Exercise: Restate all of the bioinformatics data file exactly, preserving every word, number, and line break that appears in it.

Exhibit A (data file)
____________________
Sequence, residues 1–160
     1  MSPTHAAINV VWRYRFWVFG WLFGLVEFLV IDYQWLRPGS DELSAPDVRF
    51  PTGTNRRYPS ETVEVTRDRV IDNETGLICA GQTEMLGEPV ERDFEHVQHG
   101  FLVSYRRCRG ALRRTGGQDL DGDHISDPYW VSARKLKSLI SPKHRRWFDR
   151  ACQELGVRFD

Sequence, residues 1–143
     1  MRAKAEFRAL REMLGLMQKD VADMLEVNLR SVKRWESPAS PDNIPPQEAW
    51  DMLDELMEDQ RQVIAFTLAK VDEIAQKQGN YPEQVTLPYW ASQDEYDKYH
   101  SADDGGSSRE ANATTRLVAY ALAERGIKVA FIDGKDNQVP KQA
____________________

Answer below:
Sequence, residues 1–160
     1  MSPTHAAINV VWRYRFWVFG WLFGLVEFLV IDYQWLRPGS DELSAPDVRF
    51  PTGTNRRYPS ETVEVTRDRV IDNETGLICA GQTEMLGEPV ERDFEHVQHG
   101  FLVSYRRCRG ALRRTGGQDL DGDHISDPYW VSARKLKSLI SPKHRRWFDR
   151  ACQELGVRFD

Sequence, residues 1–143
     1  MRAKAEFRAL REMLGLMQKD VADMLEVNLR SVKRWESPAS PDNIPPQEAW
    51  DMLDELMEDQ RQVIAFTLAK VDEIAQKQGN YPEQVTLPYW ASQDEYDKYH
   101  SADDGGSSRE ANATTRLVAY ALAERGIKVA FIDGKDNQVP KQA